Note: Many of our articles have direct quotes from sources you can cite, within the Wikipedia article! Mehmed Çakir, a Turkish sponge diver, made the initial discovery in 1982.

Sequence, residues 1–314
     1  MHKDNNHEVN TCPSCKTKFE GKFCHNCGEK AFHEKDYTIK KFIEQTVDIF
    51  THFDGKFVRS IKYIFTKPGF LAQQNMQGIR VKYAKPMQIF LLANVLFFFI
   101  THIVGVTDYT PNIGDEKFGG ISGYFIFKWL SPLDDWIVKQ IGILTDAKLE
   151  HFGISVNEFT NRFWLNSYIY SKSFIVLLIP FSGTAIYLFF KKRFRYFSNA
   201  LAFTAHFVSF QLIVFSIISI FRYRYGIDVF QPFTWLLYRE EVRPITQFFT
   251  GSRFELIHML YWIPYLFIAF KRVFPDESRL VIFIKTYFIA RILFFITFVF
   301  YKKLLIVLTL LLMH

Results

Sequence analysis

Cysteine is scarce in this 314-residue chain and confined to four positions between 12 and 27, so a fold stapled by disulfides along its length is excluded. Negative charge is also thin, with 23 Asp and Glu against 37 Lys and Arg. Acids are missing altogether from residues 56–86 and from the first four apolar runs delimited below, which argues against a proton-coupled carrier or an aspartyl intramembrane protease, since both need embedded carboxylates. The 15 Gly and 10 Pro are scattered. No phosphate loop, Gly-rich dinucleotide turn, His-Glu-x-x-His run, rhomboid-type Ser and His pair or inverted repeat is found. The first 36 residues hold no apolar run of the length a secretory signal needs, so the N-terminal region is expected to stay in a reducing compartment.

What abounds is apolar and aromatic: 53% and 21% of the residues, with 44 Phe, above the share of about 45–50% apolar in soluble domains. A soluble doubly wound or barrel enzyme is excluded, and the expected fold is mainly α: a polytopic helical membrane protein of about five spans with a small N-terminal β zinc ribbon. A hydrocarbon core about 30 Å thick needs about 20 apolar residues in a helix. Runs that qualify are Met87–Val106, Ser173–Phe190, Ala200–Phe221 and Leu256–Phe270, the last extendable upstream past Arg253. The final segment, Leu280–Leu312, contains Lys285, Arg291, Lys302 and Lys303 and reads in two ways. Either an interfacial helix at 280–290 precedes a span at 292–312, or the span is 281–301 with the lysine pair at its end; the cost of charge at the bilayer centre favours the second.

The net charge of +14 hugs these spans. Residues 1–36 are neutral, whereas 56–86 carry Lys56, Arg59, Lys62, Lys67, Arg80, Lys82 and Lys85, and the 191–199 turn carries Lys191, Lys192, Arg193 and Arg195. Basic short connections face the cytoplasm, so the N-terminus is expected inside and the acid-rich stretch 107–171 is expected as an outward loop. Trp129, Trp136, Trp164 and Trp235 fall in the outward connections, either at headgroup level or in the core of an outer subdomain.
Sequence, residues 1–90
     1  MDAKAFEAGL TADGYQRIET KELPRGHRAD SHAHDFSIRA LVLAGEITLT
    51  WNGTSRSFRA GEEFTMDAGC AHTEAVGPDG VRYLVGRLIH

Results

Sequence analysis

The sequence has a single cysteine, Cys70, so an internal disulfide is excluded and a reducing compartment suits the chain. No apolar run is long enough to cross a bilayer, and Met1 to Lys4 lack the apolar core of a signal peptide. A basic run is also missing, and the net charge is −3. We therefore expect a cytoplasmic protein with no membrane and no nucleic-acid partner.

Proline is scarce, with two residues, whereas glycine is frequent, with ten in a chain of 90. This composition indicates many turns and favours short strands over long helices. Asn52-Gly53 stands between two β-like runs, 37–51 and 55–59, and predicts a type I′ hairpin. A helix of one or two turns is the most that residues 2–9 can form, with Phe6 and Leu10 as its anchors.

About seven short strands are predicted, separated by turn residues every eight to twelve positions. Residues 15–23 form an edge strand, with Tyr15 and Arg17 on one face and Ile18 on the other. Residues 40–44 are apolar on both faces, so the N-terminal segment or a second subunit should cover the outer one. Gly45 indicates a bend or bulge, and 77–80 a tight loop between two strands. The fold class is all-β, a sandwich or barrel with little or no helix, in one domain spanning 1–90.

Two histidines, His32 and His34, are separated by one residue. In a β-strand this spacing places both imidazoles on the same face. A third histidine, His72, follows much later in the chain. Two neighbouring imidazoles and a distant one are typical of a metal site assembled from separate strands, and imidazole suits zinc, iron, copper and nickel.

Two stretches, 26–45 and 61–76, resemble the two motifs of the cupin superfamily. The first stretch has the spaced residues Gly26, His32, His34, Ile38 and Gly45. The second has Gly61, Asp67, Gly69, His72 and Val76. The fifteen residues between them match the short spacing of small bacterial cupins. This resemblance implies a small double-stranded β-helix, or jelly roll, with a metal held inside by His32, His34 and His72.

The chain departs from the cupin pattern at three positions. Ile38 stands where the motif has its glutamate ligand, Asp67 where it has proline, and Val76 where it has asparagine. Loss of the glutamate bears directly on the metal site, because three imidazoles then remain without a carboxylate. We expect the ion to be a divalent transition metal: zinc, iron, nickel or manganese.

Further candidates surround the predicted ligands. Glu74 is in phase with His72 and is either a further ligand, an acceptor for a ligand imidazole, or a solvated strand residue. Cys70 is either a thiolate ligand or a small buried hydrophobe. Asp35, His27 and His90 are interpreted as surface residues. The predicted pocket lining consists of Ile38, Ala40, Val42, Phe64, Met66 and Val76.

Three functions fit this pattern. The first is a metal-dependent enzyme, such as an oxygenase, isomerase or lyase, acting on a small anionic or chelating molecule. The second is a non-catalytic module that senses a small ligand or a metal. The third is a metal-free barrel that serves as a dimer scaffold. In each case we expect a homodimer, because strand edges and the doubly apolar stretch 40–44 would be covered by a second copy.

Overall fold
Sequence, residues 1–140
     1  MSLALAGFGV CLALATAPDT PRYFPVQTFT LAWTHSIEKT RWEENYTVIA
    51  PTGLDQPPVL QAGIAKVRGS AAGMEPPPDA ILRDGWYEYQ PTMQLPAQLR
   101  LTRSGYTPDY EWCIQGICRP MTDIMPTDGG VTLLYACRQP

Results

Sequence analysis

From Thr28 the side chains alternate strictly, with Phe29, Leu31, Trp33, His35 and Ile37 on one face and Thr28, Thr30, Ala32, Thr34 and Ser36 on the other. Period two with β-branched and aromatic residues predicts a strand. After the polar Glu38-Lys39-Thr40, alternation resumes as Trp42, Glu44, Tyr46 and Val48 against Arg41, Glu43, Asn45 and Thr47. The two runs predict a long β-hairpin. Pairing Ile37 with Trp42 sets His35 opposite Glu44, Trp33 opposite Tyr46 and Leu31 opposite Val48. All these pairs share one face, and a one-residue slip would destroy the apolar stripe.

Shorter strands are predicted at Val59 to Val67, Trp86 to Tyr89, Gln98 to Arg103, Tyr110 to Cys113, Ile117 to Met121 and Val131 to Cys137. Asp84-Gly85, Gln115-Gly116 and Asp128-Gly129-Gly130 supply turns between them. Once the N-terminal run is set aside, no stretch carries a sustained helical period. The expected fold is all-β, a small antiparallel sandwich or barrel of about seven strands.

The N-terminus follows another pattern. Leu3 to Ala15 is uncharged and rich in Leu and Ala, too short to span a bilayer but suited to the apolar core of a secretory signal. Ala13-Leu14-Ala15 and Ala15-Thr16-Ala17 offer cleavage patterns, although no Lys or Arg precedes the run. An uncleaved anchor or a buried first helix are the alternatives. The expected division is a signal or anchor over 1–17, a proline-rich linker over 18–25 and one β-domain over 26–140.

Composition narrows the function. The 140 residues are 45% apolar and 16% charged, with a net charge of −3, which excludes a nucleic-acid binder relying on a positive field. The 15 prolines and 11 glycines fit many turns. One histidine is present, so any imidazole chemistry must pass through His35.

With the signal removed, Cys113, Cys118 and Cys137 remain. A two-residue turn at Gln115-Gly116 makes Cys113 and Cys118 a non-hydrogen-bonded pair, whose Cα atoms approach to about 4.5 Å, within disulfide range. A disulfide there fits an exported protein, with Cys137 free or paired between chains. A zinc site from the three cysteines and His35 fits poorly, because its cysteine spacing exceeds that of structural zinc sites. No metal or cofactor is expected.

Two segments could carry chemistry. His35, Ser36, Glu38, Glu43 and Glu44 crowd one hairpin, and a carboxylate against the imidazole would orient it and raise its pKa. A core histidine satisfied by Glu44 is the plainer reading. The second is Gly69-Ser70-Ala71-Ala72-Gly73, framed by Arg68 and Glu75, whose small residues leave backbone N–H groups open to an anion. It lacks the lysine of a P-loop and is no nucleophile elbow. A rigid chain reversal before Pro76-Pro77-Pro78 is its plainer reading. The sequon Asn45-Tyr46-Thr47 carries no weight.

The latter, later date would agree well with the finds made aboard. Some of the cargo had been scattered to a depth of over 60 m.To give one dramatic example, the Mycenaean ware therein is of the LHIIIA:2 type, also found in Mursilis II's destruction layer of Miletus. According to that Hittite king's annals, this raid occurred a few years prior to an "omen of the sun" commonly called "Mursili's eclipse", 1312 BCE. However, in , Kuniholm retracted his dating of the dunnage: "Caution should be exercised concerning a previously stated date derived from just two poorly preserved pieces of cargo/dunnage wood from the famous Uluburun shipwreck (refs). W., 2001; Anatolian Tree Rings and a New Chronology for the East Mediterranean Bronze-Iron Ages.) One opinion is that the ship was outbound from Cyprus (parts of which, at least, were then known as Alashiya), and carried a consignment of 6 tons of copper ingots (from the copper mines of Cyprus, verified by analysis). The quality and security of the dendrochronological placement of these samples versus the Bronze-Iron master chronology are not especially strong." (S. The nationality of the ship has not been determined, since the articles carried were Mycenaean, Cypriot, Canaanite, Kassite, Egyptian, and Assyrian. Judging from the vast wealth of the cargo (more than 18,000 catalogued artifacts were raised from the seabed), it has also been offered that the vessel may have been bound for the Nile River, which was at the time a remarkable center of trade.